Experience is an education worth more than any degree. We read books. We make flash cards. We ace our tests. We’re college kids. We go through our two, four, ten years of college and no one ever explains why we’re actually there. Yes, of course it’s to get a “job-worthy degree,” but what if you didn’t need one of those to make it? Would you actually be going to college?
I wouldn’t go to learn things. I mean, I love learning things, but I can do that on my own. In my four years between high school and CCBC, I read hundreds of books. College gave me something much more valuable than facts; it gave me experience. There’s something special about a collegiate environment. It’s a microcosm, a bubble of thought, a pile of intellectual compost. If you finish your education and you have no experiences where you say “What was I thinking?!” you’re doing it wrong. College is about diving headfirst into a bed full of green Jell-o, rolling around in it, and hugging the next person you see. Oh, haven’t done that yet, have you? Get on it, college student. Take care of business.
The canvas analogy is often used, isn’t it? We all start out as a plain, white canvas. Our experiences stain. They provide contrast, colors, and life. By the end of our years, long or short as they are, there’s a painting of a life. There’s a masterpiece of experience, the depth of which is known only by your closest friends. If you do it right, you’ll die feeling fulfilled.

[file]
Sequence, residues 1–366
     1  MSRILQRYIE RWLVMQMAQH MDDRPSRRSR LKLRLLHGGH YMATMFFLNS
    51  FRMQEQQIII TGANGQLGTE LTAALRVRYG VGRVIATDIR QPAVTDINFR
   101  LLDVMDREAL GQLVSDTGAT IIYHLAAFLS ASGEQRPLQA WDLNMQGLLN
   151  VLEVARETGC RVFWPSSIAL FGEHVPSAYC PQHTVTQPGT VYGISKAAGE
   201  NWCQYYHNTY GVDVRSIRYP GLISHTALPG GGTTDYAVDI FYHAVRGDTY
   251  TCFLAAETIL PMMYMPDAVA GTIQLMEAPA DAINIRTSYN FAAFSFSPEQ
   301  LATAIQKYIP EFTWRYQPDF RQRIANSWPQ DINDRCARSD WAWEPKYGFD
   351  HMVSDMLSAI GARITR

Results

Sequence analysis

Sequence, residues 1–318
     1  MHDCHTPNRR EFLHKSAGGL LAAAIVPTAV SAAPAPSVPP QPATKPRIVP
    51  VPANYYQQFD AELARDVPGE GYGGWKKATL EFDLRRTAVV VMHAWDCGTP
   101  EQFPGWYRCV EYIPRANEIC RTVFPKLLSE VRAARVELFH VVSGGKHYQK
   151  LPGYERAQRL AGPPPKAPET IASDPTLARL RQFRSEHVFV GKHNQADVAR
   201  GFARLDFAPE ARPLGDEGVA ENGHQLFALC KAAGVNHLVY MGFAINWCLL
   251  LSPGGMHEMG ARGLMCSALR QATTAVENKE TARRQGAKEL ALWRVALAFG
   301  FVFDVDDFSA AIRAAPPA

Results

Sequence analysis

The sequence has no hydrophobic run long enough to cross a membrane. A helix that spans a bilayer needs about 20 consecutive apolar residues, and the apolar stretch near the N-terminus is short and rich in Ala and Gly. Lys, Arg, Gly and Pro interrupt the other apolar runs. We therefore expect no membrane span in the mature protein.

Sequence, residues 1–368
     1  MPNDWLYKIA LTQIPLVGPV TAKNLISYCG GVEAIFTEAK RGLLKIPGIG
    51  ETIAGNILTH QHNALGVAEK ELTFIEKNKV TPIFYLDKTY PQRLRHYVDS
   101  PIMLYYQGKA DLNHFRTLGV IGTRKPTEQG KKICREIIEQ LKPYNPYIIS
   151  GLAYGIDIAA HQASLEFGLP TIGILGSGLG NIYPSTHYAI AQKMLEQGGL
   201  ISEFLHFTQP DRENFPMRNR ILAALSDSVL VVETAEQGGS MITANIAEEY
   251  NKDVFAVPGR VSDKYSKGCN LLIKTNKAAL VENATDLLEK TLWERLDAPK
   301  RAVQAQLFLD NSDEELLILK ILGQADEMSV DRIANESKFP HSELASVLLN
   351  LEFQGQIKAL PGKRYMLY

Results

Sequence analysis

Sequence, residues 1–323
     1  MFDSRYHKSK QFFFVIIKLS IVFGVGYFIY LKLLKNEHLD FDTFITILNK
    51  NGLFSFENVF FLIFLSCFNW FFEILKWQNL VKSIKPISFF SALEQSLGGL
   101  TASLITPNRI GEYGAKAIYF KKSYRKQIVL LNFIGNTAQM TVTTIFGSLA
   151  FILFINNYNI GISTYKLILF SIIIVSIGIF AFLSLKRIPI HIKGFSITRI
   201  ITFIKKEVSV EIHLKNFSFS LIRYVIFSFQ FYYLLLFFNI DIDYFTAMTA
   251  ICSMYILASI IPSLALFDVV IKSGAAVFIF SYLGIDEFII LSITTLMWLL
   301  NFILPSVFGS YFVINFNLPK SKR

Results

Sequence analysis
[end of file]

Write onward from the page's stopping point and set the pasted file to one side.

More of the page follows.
That’s what college is. It’s a chance to bring you more colors. It’s a chance to bring you a depth of character that you don’t have. Maybe you don’t like Jell-o. Maybe you’re a pudding kind of person. Maybe you find food fights offensive, and you’d prefer to sit in a coffee shop and discuss the mythology behind Hercules instead. Whatever experience leaves you with a feeling of awe, good or bad—that’s what you want. You want to be awed. You want to be appalled, elated, and every other emotion that I lack the vocabulary to describe.
Don’t get me wrong. Studying is great. Do that first! Once your grades are good, it’s time to take the next step. It’s time to paint your collegiate experience, which I can only hope will be rife with “oops” and “Woah!” and “What just happened?!”
Just remember, nobody respects the degree. They respect you.